Laurie Lee’s memoir Cider with Rosie is itself a patchwork, a hand-wrought quilt made up from comforting familiar fragments. For this dramatisation Daniel O’Brien (the nom-de-plume of the Theatre Royal’s artistic director Colin Blumenau) has stitched in some of Lee’s later verse and TJ Holmes has embroidered it with his own music and with arrangements of tunes, both sacred and profane, which would have been familiar to rural folk in the first three decades of the 20th century.
The set provided by Dora Schweitzer for this production directed by Abigail Anderson is itself a fractured delight. The stage-cloth suggests a treasured willow-pattern plate, branches and pieces of country furniture drip from the flies, hats, shawls, picture-frames and musical instruments dangle invitingly from the twigs. Six actors, including Holmes, play all the parts, switching from child to crone, girl to boy as required by each short vignette of Lee’s life in Gloucestershire swirls and dissolves in front of us.
It’s a staging which takes a bit of getting used to. The first half is overly long as the kaleidoscope rotates its large set of country characters in front of us. The cast – Devon Black, Amy Humphreys, Joannah Tincey, Antony Eden, Holmes and Liam Tobin – is splendid and utterly credible in all its characterisations. All sing and play their various musical instruments competently and produce some excellent four-part singing, notably in “The Cherry Tree Carol” which closes the first act and opens the second.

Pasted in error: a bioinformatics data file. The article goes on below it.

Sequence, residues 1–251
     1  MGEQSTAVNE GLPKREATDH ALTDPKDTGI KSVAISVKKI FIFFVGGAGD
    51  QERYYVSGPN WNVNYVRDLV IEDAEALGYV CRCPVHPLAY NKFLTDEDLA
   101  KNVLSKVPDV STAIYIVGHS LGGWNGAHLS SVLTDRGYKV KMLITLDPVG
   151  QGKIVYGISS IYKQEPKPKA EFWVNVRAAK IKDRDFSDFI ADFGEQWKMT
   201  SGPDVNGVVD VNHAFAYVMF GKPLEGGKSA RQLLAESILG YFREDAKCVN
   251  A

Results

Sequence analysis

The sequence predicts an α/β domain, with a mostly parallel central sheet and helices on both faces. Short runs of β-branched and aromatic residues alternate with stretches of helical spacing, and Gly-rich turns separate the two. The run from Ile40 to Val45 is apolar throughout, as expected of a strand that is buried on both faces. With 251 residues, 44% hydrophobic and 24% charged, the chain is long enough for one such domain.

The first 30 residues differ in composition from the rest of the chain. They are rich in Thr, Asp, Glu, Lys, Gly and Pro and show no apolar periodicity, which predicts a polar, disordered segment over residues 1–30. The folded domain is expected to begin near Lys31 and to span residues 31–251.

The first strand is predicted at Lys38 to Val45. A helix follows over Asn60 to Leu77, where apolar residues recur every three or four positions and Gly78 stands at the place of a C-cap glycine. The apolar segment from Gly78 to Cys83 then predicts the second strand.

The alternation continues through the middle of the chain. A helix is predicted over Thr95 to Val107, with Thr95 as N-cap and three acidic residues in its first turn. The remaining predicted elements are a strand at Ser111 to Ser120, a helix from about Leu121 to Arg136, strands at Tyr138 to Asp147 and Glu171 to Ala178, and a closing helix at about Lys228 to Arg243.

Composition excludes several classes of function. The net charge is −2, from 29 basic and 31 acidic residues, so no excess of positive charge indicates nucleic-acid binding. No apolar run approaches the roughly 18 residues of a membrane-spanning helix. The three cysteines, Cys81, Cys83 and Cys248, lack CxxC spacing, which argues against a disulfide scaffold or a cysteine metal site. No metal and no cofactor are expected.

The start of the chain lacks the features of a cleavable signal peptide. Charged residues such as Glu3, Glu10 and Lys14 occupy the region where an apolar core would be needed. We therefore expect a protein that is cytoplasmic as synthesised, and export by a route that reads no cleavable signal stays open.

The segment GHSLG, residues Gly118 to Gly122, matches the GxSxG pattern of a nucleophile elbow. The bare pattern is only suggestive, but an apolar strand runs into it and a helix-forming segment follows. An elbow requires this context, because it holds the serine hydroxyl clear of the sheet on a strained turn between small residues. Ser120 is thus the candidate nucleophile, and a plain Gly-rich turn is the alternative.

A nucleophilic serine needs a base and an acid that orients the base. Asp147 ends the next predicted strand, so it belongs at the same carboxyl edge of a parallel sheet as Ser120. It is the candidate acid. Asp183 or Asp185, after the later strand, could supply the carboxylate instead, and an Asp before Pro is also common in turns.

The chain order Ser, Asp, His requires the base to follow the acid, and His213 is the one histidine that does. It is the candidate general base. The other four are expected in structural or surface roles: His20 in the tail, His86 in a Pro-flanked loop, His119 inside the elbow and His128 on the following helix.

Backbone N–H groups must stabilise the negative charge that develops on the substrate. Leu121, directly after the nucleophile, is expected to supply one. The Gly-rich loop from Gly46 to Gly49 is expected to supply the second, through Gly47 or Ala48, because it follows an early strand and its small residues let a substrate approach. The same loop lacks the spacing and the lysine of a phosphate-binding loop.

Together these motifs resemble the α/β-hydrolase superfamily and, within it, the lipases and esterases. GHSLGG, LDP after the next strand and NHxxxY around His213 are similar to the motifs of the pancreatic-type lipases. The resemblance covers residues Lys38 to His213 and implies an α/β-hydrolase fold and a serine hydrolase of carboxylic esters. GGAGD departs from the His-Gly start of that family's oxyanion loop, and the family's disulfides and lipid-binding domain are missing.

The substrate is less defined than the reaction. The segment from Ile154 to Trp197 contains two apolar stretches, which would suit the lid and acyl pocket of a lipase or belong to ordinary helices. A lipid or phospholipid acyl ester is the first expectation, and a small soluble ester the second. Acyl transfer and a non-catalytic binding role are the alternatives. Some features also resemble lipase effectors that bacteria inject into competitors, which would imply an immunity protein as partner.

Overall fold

There’s a nice use of what Holmes describes as the “underscore” – mugs and spoons, buckets and boxes used to provide a rhythmic accompaniment to the action. Children without manufactured toys will improvise these from whatever’s to hand and this is cleverly suggested. A table upturns to become a cart, a ladder will be both the school-mistress’ dais and a sickbed. This is never a cosy or sun-bathed world; the draughts of cruelty and hardship smoke down the rickety chimneys and flurry through ill-fitting windows.
Commendation must also be made of the work of dialect coach Mary Howland who has eschewed any flavour of Mummerset. is the first production from the Bury St Edmunds theatre to tour nationally for five years. It’s a bold attempt to mirror Lee’s own shifting throughout the book and verse between the child experiencing (but not fully understanding) and the adult remembering (but not necessarily accurately or completely). It may not work completely, but when it does you can smell the magic as it evaporates.